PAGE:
Welcome back. It was only a few years ago that Jack Wilshere and Aaron Ramsey were being touted as Arsenal’s central midfield double-act of the future – British bedrocks on which we could build a new team following the departures of the likes of Cesc Fabregas and Alex Song in consecutive summers.
It hasn’t quite worked out that way, what with Jack being injured more often than not during that time, and Aaron, despite enjoying one superb season stationed centrally in 2013-2014, now looking more and more like a player better suited to playing further up the pitch.
In fact, despite England’s management preferring to deploy Wilshere as a deep playmaker, Arsene Wenger is on record as saying he views the midfielder’s best position as also being closer to the opposition goal, in what would be one of the three attacking roles behind the striker in our current system.
As much as I rate the pair of them, barring injuries, neither will dislodge Alexis Sanchez from the left or relieve Mesut Ozil from his no 10 duties any time soon, so in effect, Ramsey and Wilshere find themselves in competition with one another – and several others too – to be first-choice on the right.
Yet the former has been pretty open about preferring to play more centrally and highlighted what he thinks it takes to play that position in the modern game when he spoke to Arsenal Player:
It’s obviously a balance but if you do sense an opportunity to break away from your man to get into the box or to be free in the box, you have to take it because you can score a goal from it. But you have to get back in as quickly as possible and when you are, try to get a bit of a breather then. And then it all starts again. I prefer to get forward, to get on the end of things, to create things. But it’s important to defend and help the team out defensively as well. But it’s also nice when you win the ball in quite a deep position and then you can start an attack which leads to a goal. That’s quite rewarding as well. An all-round midfielder needs to have that, where you can defend, you can tackle, you can create goals, you can score goals. That’s the complete midfielder that I want to be. Your time on the ball is definitely a lot shorter now so you have to try and make your decisions and try and have options a lot quicker than before. It’s just the way the game is going. It’s becoming a lot quicker, a lot more physical, so you have to be able to make decisions a lot quicker and move the ball quicker as well. I feel really confident and comfortable in the middle. I back myself to put in performances every week. The game is always developing and the demands are always a bit more every season. Hopefully I can continue developing as a player. I think there’s definitely more to come.
Although he says you have to ‘move the ball quicker’, it’s making the right pass at the right time with accuracy, as well as speed, that is surely a key requirement for a central midfielder, because in a style such as ours, being an efficient and reliable distributor is arguably the most important skill-set to have. I mean, there’s no point being quick to release the ball if your’re clubbing it out for an opposition throw, or misplacing the simplest of five-yard passes.
Santi Cazorla is undoubtedly a cut or ten above, but although he’s a ferocious ball-winner, intelligent interceptor and great reader of opposition attacks first and foremost, Francis Coquelin is also better passer than Ramsey in my opinion. All of which is to say if Aaron wants to play in what he thinks is his best role in the middle, he needs to work on his passing big-time, as far as I’m concerned.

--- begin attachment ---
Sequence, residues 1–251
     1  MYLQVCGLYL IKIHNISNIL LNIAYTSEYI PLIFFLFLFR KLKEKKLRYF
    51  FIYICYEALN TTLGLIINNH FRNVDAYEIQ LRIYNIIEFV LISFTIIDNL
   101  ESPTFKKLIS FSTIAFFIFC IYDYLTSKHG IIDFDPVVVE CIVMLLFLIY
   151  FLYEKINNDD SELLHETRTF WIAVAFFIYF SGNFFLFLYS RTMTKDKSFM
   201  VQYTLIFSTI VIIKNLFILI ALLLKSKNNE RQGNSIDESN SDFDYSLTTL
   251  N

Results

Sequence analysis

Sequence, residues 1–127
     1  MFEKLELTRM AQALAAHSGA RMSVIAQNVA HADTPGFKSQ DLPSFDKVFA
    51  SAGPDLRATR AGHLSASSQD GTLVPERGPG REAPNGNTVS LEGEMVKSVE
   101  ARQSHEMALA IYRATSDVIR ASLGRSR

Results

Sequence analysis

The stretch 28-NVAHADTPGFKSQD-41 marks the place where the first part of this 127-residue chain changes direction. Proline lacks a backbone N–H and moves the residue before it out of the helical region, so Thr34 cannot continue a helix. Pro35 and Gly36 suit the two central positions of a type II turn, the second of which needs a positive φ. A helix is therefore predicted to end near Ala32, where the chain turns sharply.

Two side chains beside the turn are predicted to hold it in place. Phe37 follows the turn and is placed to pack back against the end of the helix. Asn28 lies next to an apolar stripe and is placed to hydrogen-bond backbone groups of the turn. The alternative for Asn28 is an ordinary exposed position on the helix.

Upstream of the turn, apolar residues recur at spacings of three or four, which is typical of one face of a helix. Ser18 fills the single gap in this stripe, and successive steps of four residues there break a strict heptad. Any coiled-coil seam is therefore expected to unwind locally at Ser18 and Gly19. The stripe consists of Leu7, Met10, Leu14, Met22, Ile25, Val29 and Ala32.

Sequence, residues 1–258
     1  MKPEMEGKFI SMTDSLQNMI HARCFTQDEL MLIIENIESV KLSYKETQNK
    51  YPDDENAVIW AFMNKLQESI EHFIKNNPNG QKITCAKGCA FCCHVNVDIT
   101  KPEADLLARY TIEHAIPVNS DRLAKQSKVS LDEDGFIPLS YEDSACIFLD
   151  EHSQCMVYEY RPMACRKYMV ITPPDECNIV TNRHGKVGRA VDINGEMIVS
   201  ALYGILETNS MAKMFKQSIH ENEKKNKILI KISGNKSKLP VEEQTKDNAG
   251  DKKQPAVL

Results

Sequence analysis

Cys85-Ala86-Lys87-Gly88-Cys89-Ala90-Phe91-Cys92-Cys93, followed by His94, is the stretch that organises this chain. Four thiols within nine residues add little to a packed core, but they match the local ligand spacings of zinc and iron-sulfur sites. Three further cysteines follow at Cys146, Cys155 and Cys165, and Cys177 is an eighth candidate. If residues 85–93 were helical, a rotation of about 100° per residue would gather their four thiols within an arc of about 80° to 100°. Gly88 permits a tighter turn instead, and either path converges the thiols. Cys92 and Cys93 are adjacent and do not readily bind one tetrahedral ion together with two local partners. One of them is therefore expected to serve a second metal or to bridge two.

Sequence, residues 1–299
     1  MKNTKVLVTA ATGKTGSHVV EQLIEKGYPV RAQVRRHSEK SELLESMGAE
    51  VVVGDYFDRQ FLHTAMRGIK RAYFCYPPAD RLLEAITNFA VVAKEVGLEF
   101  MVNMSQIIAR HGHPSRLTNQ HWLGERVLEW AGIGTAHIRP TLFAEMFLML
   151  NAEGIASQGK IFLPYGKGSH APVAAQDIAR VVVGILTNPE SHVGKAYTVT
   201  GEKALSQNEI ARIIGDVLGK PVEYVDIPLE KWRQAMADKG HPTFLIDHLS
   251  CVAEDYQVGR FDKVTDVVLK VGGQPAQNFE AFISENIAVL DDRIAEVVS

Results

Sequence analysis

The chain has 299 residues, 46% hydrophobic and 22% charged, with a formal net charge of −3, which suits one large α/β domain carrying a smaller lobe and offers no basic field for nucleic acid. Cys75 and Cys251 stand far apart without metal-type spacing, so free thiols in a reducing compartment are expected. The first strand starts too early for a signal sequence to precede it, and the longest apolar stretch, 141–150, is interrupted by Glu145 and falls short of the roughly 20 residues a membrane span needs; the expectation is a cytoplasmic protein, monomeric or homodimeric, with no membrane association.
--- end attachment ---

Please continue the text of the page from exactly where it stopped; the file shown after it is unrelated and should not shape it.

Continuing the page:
What would help is if he could improve his ball-control too, had better spatial awareness and had a picture of what he wanted to do with the ball before he received it, but I’m not sure those things can be developed on the training pitch. You either have them or not and unfortunately for the Welshman and us as fans, he doesn’t.
Meanwhile, Wilshere, who I think is better equipped to play centrally than Ramsey, due to being a much better passer and having far better close control and awareness, says he sees light at the end of the tunnel in his recovery from another long-term injury:
[My recovery is] going well. I’m back on the pitch and I’m just trying to build my fitness up because everyone knows how tough it is to play in the Premier League. I’m working on it and I’m slowly getting there. Sometimes it’s been difficult to stay positive, especially after the injuries that I’ve had which have been frustrating, but as the injury goes, you get closer to full fitness and you see the light at the end of the tunnel, then you start to think about coming back and getting involved in the team.
With Santi side-lined, what I’d give to have a fit and firing Wilshere right now. I think of all the alternatives to the Spaniard in our current squad, Wilshere is the one player who would compliment Coquelin in the middle and successfully take on the mantle of dictating our play from deep.
I can see why Arsene likes Wilshere further forward, and I think he could be equally good there seeing as he’s a genuinely good footballer. But perhaps, Wilshere and Coquelin, rather than Wilshere and Ramsey, or Ramsey and Coquelin, will prove our long-term partnership in front of the defence given the chance, seeing as Cazorla turns 32 in December.
In our current situation, the Wilsh-Coq combo would go a long way in rectifying our recent Santi-less stuttering in my opinion, making it all the more galling the England man’s still some way from a return.
See you tomorrow.